“The number of games sadly comes as no surprise, as the deck has been stacked against me from day one,” Rodriguez said in a statement posted on his Facebook page and issued by his publicist. “This is one man’s decision, that was not put before a fair and impartial jury, does not involve me having failed a single drug test, is at odds with the facts and is inconsistent with the terms of the Joint Drug Agreement and the Basic Agreement, and relies on testimony and documents that would never have been allowed in any court in the United States because they are false and wholly unreliable. . . .
“I have been clear that I did not use performance enhancing substances as alleged in the notice of discipline, or violate the Basic Agreement or the Joint Drug Agreement in any manner, and in order to prove it, I will take this fight to federal court.”
Horowitz’s ruling leaves Rodriguez with the longest suspension for the use of performance-enhancing drugs in baseball history and brings to a close the investigation into Biogenesis, the Miami clinic whose owner, Anthony Bosch, was found to have distributed steroids to several major league players, leading to 13 suspensions in August.
Rodriguez, fifth on the all-time home run list, was the only one among them to fight baseball’s ruling, and he played the final two months of the 2013 season as something of a pariah — hitting just .244 in 44 games for the Yankees, who were often at odds with their one-time star.
Now, Rodriguez has a stain on his record unmatched by the other players with on-the-field Hall of Fame credentials who have been denied induction to Cooperstown by the Baseball Writers Association of America’s voting. The group of players is led by all-time home run king Barry Bonds and seven-time Cy Young winner Roger Clemens. Neither Bonds nor Clemens — nor Mark McGwire nor Sammy Sosa — was suspended during his playing career. Among players of that caliber, Rodriguez, a three-time MVP and 14-time all-star, holds that distinction to himself.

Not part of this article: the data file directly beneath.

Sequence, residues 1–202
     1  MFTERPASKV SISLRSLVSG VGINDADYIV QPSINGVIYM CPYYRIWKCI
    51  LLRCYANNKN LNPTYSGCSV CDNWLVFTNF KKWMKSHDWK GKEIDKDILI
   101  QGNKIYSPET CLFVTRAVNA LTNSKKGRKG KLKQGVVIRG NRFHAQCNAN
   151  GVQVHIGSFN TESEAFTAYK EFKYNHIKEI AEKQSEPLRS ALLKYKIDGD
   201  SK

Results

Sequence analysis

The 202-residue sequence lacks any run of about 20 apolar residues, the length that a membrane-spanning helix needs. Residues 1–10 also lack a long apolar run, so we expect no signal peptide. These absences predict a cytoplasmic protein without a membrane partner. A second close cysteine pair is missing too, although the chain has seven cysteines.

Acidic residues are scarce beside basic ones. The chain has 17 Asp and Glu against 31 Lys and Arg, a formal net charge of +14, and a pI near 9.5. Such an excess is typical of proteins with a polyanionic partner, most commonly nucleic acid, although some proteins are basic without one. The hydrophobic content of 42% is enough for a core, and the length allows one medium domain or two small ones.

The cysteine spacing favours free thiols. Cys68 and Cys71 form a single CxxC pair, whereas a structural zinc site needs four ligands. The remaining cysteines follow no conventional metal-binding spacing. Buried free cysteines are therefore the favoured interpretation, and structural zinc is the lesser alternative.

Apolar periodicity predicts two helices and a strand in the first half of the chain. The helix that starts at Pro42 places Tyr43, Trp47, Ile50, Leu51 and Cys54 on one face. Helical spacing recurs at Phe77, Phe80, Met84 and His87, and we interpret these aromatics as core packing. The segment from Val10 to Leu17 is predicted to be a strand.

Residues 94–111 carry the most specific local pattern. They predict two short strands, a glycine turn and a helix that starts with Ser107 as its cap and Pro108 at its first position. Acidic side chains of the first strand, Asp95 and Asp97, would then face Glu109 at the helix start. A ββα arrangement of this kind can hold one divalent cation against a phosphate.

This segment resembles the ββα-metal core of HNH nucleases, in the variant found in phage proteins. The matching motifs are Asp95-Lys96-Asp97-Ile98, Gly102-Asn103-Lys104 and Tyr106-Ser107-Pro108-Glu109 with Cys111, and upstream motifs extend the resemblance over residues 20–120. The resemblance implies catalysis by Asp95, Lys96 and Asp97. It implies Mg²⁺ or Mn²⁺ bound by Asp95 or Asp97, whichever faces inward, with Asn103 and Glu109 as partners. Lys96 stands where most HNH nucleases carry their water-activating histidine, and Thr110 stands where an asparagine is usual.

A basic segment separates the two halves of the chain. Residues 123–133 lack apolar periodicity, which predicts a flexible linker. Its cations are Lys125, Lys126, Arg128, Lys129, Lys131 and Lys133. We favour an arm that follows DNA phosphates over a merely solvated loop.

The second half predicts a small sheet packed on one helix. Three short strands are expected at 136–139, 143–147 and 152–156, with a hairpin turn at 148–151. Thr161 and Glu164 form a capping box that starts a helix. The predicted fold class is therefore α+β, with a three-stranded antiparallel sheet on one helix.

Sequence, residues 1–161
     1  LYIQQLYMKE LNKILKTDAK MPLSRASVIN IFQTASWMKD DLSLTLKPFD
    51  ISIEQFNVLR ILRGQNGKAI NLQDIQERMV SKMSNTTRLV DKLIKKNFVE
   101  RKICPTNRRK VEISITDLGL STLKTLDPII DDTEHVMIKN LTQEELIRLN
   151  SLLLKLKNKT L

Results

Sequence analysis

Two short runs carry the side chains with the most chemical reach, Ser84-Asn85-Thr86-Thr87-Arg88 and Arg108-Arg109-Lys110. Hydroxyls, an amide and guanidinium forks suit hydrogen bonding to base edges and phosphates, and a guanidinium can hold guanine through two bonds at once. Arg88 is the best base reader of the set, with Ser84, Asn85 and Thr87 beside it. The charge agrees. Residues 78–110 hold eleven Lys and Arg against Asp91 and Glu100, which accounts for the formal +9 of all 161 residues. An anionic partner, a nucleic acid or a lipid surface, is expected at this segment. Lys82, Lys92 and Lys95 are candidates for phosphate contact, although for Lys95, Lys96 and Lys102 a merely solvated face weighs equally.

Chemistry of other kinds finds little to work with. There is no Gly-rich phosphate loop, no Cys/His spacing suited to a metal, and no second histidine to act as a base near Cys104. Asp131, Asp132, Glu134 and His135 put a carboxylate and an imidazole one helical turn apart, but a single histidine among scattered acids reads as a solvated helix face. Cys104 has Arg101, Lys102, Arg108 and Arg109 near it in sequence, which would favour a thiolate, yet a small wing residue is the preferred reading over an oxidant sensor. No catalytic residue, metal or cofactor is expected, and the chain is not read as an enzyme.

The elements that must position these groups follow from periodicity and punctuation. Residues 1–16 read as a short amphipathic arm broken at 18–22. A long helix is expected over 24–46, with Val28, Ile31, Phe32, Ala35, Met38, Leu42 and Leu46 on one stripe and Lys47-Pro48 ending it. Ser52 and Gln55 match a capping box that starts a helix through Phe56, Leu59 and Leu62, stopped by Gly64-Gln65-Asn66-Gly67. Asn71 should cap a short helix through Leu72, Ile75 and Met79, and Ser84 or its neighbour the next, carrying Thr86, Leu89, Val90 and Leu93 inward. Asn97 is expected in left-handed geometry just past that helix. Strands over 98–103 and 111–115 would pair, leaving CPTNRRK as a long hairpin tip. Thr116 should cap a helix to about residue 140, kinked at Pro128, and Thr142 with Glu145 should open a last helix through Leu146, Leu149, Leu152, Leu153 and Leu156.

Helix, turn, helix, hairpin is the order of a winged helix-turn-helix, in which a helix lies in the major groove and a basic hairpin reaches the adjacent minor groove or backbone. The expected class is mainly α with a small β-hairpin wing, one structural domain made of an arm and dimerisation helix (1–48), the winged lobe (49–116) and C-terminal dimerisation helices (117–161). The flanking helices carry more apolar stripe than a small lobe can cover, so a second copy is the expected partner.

Saturday’s ruling by Horowitz, an independent arbitrator selected jointly by MLB and the players’ association, allowed both sides to claim a measure of victory. The union could argue it helped get Rodriguez a lighter sentence by 49 games, nearly a third of a season. And the league could argue that its drug policy had teeth even in the absence of a positive test.
“While we believe the original 211-game suspension was appropriate, we respect the decision rendered by the Panel and will focus on our continuing efforts on eliminating performance-enhancing substances from our game,” MLB said in a statement.
Rodriguez, 38, was scheduled to make $25 million this season, and he is under contract with the Yankees through 2017, three seasons in which he is due to make an additional $61 million. But this could be a messy process. Rodriguez, who has averaged just 105 games over the past five years because of injuries, in theory could show up for the Yankees’ spring training because his suspension begins on opening day.